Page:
Supreme Court Voting Rights Undoing Civil Rights

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Reuters reports that today a decision of the U.S. Supreme Court was published, which struck down a significant section of the Voting Rights Act (VRA), which was passed in 1965 to end attempts by states to block African-Americans from voting. Some decry the decision as undoing gains in civil rights that have been ached in the forty years since its passage.

The 5-4 ruling, authored by Chief Justice John Roberts and joined by Justices Antonin Scalia, Anthony Kennedy, Clarence Thomas and Samuel Alito, the conservative majority, noted the dramatic changes in the South since the Voting Rights Act was signed into law in 1965. He wrote that the coverage formula of the Act violates the sovereignty granted to all states under the U.S. Constitution.  In a concurring opinion, Justice Clarence Thomas expressed his frequently reiterated belief that Section 5 is also unconstitutional, and that he would have abrogated the advance approval requirement itself.

The Christian Science Monitor reported the Court’s majority decision found that Congress needed to demonstrate that the law’s requirements address problems that exist today, not those that were prevalent forty years ago, when the Voting Rights Act was enacted.

The purpose of the Act was to fight against the denial of essential legal protections for minority voters.  It was a major achievement of the civil rights movement of the 1960s, led in substantial part by Dr. Martin Luther King.

The decision now places the burden on Congress to pass any new voting rights law.  The Court’s decision demonstrates its impatience with Congress to update the Act by developing a formula of coverage based on current conditions. The preclearance procedure has continually utilized the same criteria for determining e which jurisdictions would be covered by the Act. The law has been reauthorized four times since 1965 – in 1970, 1975, 1982, and 2006.

NBC News noted that Congressional action is to reform the VRA is difficult to imagine at a time when it is gridlocked by division along party lines.

There must be demonstration that exceptional conditions still exist to justify what is an extraordinary departure from the traditional relations between the States and the Federal Government, Justice Roberts wrote.

The question is whether the Court’s decision acts to undo civil rights laws in the United States.

Justices Ruth Bader Ginsburg, Stephen Breyer, Sonia Sotomayor, and Elena Kagan vigorously dissented to the majority’s decision.  They are regarded as the liberal wing of the Court.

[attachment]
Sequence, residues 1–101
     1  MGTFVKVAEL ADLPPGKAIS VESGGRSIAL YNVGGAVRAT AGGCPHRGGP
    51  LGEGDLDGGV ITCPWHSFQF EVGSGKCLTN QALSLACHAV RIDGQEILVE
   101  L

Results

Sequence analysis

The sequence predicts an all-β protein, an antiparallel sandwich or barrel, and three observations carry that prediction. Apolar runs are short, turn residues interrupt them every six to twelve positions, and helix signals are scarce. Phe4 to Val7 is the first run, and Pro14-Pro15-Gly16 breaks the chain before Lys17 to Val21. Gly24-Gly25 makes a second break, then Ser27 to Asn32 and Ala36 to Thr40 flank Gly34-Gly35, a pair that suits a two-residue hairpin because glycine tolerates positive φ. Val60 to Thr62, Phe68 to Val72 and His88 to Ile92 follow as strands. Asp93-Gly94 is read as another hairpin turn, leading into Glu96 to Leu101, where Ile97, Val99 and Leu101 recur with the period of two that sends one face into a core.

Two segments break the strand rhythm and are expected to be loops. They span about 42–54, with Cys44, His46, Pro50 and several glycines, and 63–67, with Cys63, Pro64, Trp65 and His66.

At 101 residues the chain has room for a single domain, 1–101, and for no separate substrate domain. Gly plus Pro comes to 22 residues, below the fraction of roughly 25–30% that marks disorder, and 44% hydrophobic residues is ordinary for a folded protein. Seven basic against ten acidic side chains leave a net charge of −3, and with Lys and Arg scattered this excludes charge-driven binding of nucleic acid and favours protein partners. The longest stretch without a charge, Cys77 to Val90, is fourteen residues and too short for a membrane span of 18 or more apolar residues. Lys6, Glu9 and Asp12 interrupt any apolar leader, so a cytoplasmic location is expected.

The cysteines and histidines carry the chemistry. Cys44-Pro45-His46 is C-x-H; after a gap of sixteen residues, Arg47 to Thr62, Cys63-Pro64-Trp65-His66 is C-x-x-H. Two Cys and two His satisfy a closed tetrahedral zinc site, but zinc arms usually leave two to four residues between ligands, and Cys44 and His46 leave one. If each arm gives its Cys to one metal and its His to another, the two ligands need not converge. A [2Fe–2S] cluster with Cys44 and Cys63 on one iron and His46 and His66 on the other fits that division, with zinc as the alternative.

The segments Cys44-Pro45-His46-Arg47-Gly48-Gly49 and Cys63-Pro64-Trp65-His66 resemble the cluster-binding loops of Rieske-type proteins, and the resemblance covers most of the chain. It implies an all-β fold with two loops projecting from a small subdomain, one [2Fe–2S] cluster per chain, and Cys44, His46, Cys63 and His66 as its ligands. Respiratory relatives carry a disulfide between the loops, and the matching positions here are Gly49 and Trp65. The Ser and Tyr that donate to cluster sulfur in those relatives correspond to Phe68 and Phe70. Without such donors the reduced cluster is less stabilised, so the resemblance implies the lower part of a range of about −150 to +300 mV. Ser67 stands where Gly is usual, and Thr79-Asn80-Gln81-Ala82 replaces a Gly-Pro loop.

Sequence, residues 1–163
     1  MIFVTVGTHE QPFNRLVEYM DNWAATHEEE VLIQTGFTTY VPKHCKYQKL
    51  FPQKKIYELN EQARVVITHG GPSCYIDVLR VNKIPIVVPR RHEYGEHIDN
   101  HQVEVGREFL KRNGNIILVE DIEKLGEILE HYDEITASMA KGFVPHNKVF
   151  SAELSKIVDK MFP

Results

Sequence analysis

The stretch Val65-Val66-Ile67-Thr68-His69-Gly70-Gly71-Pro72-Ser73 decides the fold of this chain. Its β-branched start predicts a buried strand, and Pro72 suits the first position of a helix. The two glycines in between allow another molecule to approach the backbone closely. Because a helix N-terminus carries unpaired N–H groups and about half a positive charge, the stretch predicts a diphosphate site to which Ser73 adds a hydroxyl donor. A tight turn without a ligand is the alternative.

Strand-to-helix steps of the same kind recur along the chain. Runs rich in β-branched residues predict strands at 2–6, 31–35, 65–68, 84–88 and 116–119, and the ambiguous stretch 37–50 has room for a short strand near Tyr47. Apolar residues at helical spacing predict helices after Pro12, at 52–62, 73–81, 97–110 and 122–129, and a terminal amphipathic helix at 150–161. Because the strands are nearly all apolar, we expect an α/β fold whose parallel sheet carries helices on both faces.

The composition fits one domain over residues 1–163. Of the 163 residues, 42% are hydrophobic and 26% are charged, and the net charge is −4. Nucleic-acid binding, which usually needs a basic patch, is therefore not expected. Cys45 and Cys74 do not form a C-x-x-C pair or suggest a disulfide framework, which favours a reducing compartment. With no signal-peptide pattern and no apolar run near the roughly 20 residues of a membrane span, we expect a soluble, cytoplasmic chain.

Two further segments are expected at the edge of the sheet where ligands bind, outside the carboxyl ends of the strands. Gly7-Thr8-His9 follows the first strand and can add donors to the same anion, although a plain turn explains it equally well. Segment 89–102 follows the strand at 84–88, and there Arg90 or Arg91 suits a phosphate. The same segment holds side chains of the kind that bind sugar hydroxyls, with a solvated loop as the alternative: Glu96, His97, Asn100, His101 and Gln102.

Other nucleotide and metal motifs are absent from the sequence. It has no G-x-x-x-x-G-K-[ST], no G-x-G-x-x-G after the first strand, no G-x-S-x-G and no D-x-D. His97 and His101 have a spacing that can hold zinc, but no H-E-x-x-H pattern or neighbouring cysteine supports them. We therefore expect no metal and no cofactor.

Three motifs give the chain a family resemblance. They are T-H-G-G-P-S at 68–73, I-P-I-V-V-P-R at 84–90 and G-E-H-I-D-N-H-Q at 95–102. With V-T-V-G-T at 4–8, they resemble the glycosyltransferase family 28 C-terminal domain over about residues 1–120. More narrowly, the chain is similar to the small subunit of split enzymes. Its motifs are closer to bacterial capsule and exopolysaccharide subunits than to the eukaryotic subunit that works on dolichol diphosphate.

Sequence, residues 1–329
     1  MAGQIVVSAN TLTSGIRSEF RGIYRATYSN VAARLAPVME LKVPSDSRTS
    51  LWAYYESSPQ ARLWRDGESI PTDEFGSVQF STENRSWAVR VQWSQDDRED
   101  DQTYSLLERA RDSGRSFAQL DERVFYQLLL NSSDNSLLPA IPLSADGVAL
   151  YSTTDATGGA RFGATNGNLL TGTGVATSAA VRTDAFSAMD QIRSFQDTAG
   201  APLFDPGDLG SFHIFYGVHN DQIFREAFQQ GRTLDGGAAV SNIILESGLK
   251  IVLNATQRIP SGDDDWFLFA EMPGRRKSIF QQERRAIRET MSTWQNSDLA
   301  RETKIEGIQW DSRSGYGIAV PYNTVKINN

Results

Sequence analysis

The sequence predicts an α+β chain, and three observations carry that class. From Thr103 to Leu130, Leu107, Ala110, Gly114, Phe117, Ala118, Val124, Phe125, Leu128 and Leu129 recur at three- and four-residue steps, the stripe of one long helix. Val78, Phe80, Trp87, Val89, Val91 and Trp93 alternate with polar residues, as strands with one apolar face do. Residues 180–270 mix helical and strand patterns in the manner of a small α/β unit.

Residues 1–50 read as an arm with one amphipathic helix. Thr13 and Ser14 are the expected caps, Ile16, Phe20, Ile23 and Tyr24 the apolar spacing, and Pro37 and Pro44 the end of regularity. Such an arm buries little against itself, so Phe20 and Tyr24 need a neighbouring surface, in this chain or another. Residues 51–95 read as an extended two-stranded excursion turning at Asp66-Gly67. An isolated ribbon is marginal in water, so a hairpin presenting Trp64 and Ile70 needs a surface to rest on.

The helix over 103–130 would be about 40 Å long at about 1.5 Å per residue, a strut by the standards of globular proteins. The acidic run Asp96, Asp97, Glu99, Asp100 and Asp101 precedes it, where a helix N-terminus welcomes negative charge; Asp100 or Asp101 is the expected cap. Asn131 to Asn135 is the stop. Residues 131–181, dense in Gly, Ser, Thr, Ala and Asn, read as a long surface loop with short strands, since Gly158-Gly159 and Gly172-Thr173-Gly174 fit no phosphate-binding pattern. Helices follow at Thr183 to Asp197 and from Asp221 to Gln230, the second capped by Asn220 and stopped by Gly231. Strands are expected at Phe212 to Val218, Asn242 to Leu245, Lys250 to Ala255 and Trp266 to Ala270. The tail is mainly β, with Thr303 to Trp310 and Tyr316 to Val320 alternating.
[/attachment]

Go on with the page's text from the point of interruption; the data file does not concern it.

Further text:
In her dissenting opinion, Justice Ginsburg said that the “demolition” of the VRA was best described as “hubris,” and that the decision was hardly an example of restrained and moderate decision-making.

The states covered by the Voting Act were Alabama, Alaska, Arizona, Georgia, Louisiana, Mississippi, South Carolina, Texas, and Virginia. The provision also focused on counties and other municipal jurisdictions in California, Florida, Michigan, New York, North Carolina, and South Dakota.

Section 2 of the Act authorized its enforcement only after an alleged violation has taken place. In contrast, Section 5 required covered jurisdictions to prove they were not discriminating before being allowed to make any changes to the election process. Under Section 5, as it existed before the Court’s decision today, states and municipalities had to demonstrate that a proposed voting change did not have the purpose and would not have the effect of discriminating based on race or color. In some cases, they must also had to show that the proposed change did not have the purpose or effect of discriminating against a “language minority group, which would include “persons who are American Indian, Asian American, Alaskan Natives or of Spanish heritage.” The burden of proof was on the covered jurisdiction to establish that the proposed changes did not have “retrogressive purpose.”(Wikipedia.)

The dissenting Justices objected that discriminatory practices continue in these jurisdictions.  New generations, they maintain, have evolved subtler barriers to the rights of minorities to exercise their constitutional right to vote.  The elimination of the preclearance would risk undoing the gains that have been made.

So the decision may be a temporary blunting of an Act that may be rectified by Congress or it may be a landmark in the undoing of civil rights.

By:  Tom Ukinski

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